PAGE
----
Complex of species widely distributed in the Holarctic Region (HOL + OLW + PAT + PAL + WPA + ECA + EEC + SEC + EEE + WPA): Is best represented and comprises 561 (57.5%) species widespread in Bulgaria (Fig. 1). Palearctic species (sensu lato) are dominant (36.1%), followed by Holarctic (10.5%), European Central Asiatic (7%) and West Palearctic (3%). The remaining chorotypes (EEC, SEC & EEE) are represented by single species. The complex includes especially widespread species associated with lowlands, woodlands and high elevation zones of mountains. Most of the species are well represented in the mountains. Characteristic mountain species are represented by the linyphiids Bolyphantes alticeps (Sundevall 1833), B. luteolus (Blackwall 1833), Frontinellina frutetorum (C. L. Koch 1834), Gonatium rubens (Blackwall 1833), Pityohyphantes phrygianus (C. L. Koch 1836), Tenuiphantes alacris (Blackwall 1853), T. tenebricola (Wider 1834). High mountain species are the linyphiids Entelecara media (Kulczynski 1887) and Mecynargus paetulus (O.P.-Cambridge 1875), which are not established in the forest belt. Some xenotopic species (Thaler 1988) are widely distributed in the mountains and reach the highest summits as aeronauts. To this group belong the linyphiids Dicymbium nigrum (Blackwall 1834), Diplostyla concolor (Wider 1834), Meioneta rurestris (C.L. Koch 1836), Oedothorax agrestis (Blackwall 1853), O. apicatus (Blackwall 1850), O. fuscus (Blackwall 1834) which inhabit the mountain zone in dense populations (Deltshev 1990, 1995).

European species complex (EUR + MEE + MSEE + EEU + SEE): Comprises 191 (20%) species, widespread in Europe and Bulgaria (Fig. 1). European species (sensu lato) are dominant (14%), followed by East European species (3%), and Middle Southeast European species (1.5%). The remaining chorotypes (MEE & SEE) are represented by single species. The complex comprises widespread species which inhabit both lowland and mountains. Interesting is the group of European mountain species, best represented in the forest, subalpine and alpine belts. Characteristic mountain species are the linyphiids, Araeoncus anguineus Deltshev 1987, Bolyphantes kolosvaryi (Caporiacco 1936), Cinetata gradata (Simon 1881), Diplocephalus foraminifer (O.P.-Cambridge 1875), Improphantes improbulus (Simon 1929), Maso gallicus Simon 1894, Mughiphantes pulcher (Kulczynski 1881), Oreonetides glacialis (C.L. Koch 1872), Tiso vagans (Blackwall 1834). Other linyphiid species such as Palliduphantes istrianus (Kulczynski 1914), Centromerus capucinus (Simon 1884), C. cavernarum (L. Koch 1872), Porrhomma lativelum Tretzel 1956 and P. microps (Roewer 1931), are characteristic of caves.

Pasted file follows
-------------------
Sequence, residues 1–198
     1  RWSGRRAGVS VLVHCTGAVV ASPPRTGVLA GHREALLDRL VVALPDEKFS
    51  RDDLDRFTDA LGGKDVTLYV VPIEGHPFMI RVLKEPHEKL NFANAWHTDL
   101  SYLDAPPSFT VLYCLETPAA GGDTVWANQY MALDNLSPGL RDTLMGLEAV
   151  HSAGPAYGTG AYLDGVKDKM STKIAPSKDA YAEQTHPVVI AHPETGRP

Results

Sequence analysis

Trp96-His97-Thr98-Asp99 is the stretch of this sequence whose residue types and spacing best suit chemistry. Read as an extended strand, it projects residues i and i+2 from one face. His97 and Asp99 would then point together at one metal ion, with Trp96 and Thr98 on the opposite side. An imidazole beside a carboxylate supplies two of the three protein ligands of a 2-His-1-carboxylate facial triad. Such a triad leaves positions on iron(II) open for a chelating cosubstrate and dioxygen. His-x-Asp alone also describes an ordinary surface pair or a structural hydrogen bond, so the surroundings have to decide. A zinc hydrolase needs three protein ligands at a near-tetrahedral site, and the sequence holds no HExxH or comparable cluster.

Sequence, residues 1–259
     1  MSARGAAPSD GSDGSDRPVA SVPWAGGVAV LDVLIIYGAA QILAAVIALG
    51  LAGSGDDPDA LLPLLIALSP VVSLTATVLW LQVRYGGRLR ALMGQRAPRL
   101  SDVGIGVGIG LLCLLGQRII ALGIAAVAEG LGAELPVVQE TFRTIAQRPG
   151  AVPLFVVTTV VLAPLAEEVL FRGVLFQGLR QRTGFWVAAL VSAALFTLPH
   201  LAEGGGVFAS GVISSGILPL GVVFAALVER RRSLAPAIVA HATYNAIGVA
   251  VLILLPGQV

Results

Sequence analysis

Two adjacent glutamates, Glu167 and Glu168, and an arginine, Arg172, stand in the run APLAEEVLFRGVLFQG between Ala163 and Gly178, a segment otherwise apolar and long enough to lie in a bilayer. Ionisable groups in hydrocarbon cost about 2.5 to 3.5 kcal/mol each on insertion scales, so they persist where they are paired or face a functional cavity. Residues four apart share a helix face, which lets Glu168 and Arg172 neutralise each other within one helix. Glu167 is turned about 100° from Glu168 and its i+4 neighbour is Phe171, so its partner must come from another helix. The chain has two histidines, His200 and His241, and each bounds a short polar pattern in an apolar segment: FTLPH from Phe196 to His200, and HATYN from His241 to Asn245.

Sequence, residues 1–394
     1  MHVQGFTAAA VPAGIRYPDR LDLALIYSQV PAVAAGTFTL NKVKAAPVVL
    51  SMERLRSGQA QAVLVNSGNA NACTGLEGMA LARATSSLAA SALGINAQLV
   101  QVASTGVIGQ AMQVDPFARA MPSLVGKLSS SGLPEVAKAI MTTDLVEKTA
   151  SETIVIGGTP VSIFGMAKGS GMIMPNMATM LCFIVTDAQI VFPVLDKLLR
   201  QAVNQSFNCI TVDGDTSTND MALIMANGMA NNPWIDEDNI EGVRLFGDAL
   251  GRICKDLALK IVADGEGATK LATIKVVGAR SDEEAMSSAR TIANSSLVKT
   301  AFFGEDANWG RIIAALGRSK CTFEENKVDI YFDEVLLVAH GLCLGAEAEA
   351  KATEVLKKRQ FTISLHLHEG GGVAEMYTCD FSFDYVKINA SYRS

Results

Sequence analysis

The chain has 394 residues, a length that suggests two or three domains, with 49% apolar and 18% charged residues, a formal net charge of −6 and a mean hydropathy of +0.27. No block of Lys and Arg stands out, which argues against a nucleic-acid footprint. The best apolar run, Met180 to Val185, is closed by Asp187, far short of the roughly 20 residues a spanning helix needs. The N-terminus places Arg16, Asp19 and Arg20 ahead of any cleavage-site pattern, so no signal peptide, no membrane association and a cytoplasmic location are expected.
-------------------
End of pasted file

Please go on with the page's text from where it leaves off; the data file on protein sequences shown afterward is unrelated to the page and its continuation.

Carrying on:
Mediterranean species complex (MCA--MED + EME + NME + NEM + SEU + BCA + BAN + BCAU): Includes 127 species (13%) that occur in the Mediterranean area or a part of it. The complex forms only 13% of the total spider fauna of Bulgaria, but the real percentage is probably higher, because a large part of the endemics have a Mediterranean orvigin. Most of the species in the complex are widely distributed in the Mediterranean region. Very interesting are the mountain-Mediterranean species [Aculepeira talishia (Zavadsky 1902), Pardosa incerta 1905], which may be regarded as ancient elements in the high mountains.

Endemic species complex (BALK + BULG): Includes 76 species (10%) established in Bulgaria (35 species) and other territories of the Balkan Peninsula (41 species). The established number is high and reflects the local character of the fauna. The question about the status and distribution of endemic spiders found in Bulgaria is complicated. Some of them are found only in restricted areas, while others show wider distributions, sometimes even over the whole peninsula.

According to their origin, the endemics form two groups. Some of the species can be regarded as probable remnants of ancient Mediterranean mountain fauna (paleoendemics), and others came from the northern parts of Europe during the glacials and evolved under isolation on mountains during the interglacials (neoendemics). The curious is the distribution of the genus Antrohyphantes Dumitrescu 1971 (Linyphiidae), found only in the high elevation zone and in caves. It is related to the genus Fageiella Kratochvil 1934 (Linyphiidae), an endemic from the caves of the western part of the Balkan Peninsula (Bosnia, Montenegro). Their allopatric distribution indicates that they had already separated before the establishment of the Vardar tectonic zones (Deltshev 1996). This suggests that these two genera are paleoendemics.